Johannesburg, 14 September 2020: South Africans have heard the “please recycle” message time and time again. However, with National Recycling Day around the corner, it is a crucial opportunity for citizens to truly reflect on their waste habits and become more conscious of the impact of waste that is so often thrown away on a whim. Leading up to National Recycling Day on 18 September 2020, leading South African recycler, Mpact Recycling is encouraging the country to look at recyclables in a different way.
Every time a recyclable item of waste gets put into your general dustbin rather than being sorted for recycling, municipal transport costs to and from the landfill are incurred. However, when waste is recycled, its potential is recognised and great positives emerge. South Africa’s paper recovery rate is well above the global average of 59.3% (ICFPA, 2019 Sustainability Progress Report) and according to PAMSA sitting at 68.5% for 2019. In fact, 1.2 million tonnes of paper and paper packaging was diverted from landfills in 2019. On the plastic front, the recycling rates for PET bottles, for example, your fizzy drinks and water bottles, has improved over the years. Latest stats show 62% of all PET plastic beverage bottles produced in SA in 2019 were collected for recycling – up from 55% in 2016. South Africa is therefore ahead of international standards and is currently a recycling world-leader.
South Africa’s recycling infrastructure has developed to make it as easy as possible to #SeparateAtSource as certain recyclable materials can be grouped together. This is called “multi-recycling” and simply means separating all your recyclables from your general waste. In fact, all your paper-based recyclables can go in one clear refuse bag, making recycling accessible and easy. The balance of your recyclables such as glass, plastic and cans can be placed in a separate bag, purely because they often carry liquid which can contaminate paper and cardboard.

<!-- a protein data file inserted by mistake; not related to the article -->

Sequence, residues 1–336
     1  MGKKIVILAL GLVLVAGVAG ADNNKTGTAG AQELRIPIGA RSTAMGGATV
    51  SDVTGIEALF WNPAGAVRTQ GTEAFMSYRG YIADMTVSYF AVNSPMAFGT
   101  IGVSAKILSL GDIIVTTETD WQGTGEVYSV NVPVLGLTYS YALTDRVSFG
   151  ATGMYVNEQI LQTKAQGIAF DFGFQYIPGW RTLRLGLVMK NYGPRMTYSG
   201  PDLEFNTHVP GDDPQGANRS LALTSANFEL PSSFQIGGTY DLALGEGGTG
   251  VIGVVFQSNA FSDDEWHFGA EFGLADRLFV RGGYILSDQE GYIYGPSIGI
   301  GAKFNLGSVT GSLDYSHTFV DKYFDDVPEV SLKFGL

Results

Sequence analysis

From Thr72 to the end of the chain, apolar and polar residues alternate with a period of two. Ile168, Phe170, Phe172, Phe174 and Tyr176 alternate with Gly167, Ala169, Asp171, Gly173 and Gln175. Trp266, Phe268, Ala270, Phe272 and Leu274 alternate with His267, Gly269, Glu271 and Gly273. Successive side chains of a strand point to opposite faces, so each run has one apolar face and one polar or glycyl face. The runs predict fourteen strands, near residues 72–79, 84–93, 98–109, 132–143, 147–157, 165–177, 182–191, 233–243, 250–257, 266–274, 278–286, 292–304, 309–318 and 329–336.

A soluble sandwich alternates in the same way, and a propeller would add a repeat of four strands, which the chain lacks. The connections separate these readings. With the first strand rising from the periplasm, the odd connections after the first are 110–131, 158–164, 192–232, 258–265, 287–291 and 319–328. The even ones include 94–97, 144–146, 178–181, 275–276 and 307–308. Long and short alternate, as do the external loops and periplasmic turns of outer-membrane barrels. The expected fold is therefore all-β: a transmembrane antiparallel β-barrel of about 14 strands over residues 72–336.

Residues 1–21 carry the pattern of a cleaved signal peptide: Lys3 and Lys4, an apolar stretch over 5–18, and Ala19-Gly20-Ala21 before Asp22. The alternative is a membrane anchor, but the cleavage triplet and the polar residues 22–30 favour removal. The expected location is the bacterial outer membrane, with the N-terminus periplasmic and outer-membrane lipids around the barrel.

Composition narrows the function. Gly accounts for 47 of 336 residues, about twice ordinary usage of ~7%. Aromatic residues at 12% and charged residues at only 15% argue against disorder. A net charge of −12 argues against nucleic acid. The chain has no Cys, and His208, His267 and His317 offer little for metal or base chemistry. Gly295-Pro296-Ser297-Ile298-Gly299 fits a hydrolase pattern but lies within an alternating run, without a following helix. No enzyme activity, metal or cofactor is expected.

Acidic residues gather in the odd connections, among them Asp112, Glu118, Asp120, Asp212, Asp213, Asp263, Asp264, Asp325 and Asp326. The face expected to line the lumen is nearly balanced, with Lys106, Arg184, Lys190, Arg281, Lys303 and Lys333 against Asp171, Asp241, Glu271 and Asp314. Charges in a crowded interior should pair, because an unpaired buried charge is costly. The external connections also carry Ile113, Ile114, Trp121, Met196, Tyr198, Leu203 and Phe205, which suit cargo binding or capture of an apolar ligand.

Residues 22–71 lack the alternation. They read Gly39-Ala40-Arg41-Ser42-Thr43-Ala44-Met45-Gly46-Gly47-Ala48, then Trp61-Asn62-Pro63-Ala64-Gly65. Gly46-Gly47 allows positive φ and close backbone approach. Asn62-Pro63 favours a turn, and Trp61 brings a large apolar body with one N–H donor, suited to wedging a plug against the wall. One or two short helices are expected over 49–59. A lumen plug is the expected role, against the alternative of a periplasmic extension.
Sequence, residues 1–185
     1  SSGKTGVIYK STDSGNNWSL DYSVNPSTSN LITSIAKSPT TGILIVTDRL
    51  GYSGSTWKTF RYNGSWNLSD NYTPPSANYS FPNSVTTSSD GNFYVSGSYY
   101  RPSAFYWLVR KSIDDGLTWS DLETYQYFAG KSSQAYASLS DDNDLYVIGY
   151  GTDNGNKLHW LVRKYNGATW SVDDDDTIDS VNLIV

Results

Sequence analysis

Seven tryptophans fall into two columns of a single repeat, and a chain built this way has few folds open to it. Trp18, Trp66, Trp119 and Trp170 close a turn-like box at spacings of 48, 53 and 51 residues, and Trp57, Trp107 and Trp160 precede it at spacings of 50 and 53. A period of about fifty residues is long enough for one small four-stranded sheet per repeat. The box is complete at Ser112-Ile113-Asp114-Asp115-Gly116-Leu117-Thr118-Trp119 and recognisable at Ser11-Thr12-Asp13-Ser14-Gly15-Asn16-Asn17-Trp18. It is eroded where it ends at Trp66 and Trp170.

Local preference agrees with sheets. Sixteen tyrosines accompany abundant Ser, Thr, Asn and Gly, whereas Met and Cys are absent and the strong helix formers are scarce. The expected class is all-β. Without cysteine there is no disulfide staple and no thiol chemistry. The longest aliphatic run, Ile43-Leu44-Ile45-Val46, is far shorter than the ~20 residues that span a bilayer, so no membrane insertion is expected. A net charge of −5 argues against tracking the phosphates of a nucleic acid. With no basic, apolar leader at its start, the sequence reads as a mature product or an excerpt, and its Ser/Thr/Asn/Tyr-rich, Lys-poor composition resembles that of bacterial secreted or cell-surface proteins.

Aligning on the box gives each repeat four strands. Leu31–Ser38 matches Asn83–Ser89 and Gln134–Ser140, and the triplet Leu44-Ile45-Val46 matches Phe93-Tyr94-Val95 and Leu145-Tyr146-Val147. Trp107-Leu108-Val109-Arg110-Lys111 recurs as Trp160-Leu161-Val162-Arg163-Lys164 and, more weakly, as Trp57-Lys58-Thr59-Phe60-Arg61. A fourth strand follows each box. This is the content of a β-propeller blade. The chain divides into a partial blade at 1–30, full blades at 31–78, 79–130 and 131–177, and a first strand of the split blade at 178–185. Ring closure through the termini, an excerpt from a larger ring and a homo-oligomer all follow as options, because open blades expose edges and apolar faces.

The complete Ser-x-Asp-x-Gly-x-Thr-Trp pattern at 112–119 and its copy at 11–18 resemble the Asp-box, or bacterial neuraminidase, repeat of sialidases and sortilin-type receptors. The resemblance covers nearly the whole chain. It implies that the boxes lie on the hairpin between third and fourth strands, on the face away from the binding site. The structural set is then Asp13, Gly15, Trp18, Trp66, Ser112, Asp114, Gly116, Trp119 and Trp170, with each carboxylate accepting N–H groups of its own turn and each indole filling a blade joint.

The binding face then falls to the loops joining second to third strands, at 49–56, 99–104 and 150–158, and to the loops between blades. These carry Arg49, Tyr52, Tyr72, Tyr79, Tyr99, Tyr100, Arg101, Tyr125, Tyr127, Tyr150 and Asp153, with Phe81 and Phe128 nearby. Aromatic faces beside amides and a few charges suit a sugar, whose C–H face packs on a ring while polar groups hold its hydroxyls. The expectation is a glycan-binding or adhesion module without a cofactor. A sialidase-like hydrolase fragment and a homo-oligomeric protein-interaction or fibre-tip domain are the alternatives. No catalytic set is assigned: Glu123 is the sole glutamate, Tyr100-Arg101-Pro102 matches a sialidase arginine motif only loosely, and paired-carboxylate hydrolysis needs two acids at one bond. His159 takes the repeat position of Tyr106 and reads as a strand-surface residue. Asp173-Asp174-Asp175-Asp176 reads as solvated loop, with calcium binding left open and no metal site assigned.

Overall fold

So, before you throw away your cereal boxes, milk and juice cartons, toilet rolls, cardboard, white paper, plastic bottles, glass and cans – rather look at that waste as having some form of value.
“How recycling is collected differs from community to community. There might be a formal recycling collector, collectors who service particular residential areas, or local community collection points such as schools, retirement villages or shopping malls,” says John Hunt, Managing Director of Mpact Recycling.
Good recycling practices can also contribute to economic growth and job creation, and reduce social and environmental costs. This in turn positively impacts the circular economy which refers to waste items being re-used or recycled, to be made into something new. It ensures they continue to contribute valuably rather than reaching landfills where they become useless. According to a 2015 report by the CSIR, just 10% of waste in South Africa was being recycled. Impressively, this small percentage still contributed R8.2 billion worth of resources into the South African economy. Today, the CSIR estimates that the recycling industry provides income opportunities for around 60 000 – 90 000 waste pickers alone.
“Understanding the ways recycling works in your community, and the significant implications of not recycling, is a great way to start making your own positive impact on the volume of waste on South African landfills,” says Hunt.
Big change can start with small actions, right in your home. The lockdown this year has shown us just how much packaging that we as consumers go through on a daily basis. Think about every piece of waste you throw into your dustbin and look at it as throwing money into the very same dustbin. Then, once you know how easy it is to save your recyclables from the dustbin, you will see how easy it is to recycle in your community.
Follow @MpactRecycling on social media to keep up to date with the latest recycling news or visit www.mpactrecycling.co.za to get more details on their various programmes.